SSN NO-MATCH LETTERS: WHAT SHOULD YOU DO IF YOU RECEIVE ONE?
The Social Security Administration (SSA) has again started sending no-match letters, which indicate that a W-2 submitted by an employer does not match up with the name and social security number (SSN) that the SSA has on file. The discrepancy could simply be the result of a typo, but it may also be the result of a more serious issue, such as identity theft. Employers who receive these letters must try to resolve the error without taking any adverse action against the employee based solely on the letter.
WHAT IS A NO-MATCH LETTER?
SSN no-match letters are also called “employer correction request notices.” Examples of reasons for the mismatch follow. This list is not exhaustive:
- An employer transposed numbers in an employee’s SSN
- An employee didn’t notify the SSA of a name change after marriage or divorce
- An employee fabricated the SSN they provided when applying for employment
- An employee purchased a stolen identity, which they provided when applying for employment
These letters will not specifically identify the names and SSNs of the affected employee(s). In order to get that information, employers will need to register with the SSA’s Business Services Online (BSO): https://www.ssa.gov/bso/bsowelcome.htm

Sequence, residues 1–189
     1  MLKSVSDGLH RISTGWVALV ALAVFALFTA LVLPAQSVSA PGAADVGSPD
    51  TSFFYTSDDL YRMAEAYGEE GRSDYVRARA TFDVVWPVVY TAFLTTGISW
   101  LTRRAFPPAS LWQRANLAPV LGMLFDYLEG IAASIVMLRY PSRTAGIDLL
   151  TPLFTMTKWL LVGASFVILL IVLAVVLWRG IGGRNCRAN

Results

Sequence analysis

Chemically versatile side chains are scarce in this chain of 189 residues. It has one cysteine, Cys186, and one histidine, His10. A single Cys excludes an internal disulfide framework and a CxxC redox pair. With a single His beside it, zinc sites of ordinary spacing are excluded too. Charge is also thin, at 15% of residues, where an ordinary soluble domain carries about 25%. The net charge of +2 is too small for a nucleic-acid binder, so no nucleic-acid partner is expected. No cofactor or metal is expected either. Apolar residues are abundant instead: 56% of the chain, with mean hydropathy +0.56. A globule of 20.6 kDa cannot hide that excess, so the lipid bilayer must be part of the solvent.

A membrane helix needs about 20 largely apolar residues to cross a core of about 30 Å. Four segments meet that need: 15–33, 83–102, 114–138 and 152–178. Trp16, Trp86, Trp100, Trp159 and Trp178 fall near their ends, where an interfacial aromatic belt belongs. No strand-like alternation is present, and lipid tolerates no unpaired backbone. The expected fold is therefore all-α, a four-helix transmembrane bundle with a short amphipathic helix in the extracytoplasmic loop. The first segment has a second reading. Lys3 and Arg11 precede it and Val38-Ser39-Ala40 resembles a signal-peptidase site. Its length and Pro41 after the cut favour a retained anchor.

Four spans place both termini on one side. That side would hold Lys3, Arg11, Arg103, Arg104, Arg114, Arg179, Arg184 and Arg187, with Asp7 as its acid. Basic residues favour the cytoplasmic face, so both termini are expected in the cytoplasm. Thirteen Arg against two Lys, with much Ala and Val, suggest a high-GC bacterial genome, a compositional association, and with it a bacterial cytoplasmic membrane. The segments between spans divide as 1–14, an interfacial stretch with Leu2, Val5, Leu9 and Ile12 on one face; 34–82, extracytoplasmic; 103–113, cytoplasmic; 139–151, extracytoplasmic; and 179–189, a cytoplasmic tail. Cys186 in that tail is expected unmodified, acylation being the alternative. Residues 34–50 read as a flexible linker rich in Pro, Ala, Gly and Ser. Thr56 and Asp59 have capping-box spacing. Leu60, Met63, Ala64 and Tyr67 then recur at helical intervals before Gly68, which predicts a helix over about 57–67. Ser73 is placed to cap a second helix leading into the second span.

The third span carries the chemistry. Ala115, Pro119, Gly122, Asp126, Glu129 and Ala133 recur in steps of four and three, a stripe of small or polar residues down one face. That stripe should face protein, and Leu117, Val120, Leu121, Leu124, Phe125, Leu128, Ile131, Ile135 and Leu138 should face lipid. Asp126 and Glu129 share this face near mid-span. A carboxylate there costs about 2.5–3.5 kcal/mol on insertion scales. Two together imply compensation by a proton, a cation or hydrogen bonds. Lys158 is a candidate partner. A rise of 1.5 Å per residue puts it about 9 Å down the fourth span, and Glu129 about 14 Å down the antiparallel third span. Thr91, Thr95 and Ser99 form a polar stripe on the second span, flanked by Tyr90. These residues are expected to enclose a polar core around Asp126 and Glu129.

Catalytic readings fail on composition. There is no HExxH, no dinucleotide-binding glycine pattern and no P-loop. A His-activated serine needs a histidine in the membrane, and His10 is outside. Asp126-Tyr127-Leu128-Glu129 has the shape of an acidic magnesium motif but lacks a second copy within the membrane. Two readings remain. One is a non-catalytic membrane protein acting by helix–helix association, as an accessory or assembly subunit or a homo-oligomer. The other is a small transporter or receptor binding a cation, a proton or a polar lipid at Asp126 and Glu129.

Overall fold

ACTIONS TO TAKE IF YOU RECEIVE A NO-MATCH LETTER
Employers who receive no-match letters must take action to resolve the error.
- First, the employer should check if the error is the results of a simple typo or some other clerical error.
- If it is not a typo/clerical error, the employer should notify the employee and ask them to confirm their name and SSN as it appears on their Social Security card. The SSA provides FAQs for employers (https://www.ssa.gov/employer/notices.html) and even suggested templates to use with employees (such as this Social Security Verification Letter: https://www.ssa.gov/employer/notices/SSNVSsampleLetter.pdf).
- The SSA needs a response within 60 days.
- If the employee does not provide the employer with a response, the employer should notify the SSA of that fact.
- If the employee admits to providing false information while applying, an employer may have grounds to fire the employee based on their employment or honesty policies.Any adverse action taken against an employee should be carefully considered and not solely based on the no-match letter.
The SSA communicates with the Department of Homeland Security (DHS), which includes Immigration and Customs Enforcement (ICE). Having no-match letters may result in ICE conducting an audit. For that reason and in order to have sound onboarding procedures, it is a good idea to ensure all Forms I-9 are error free and work eligibility verification procedures are in place.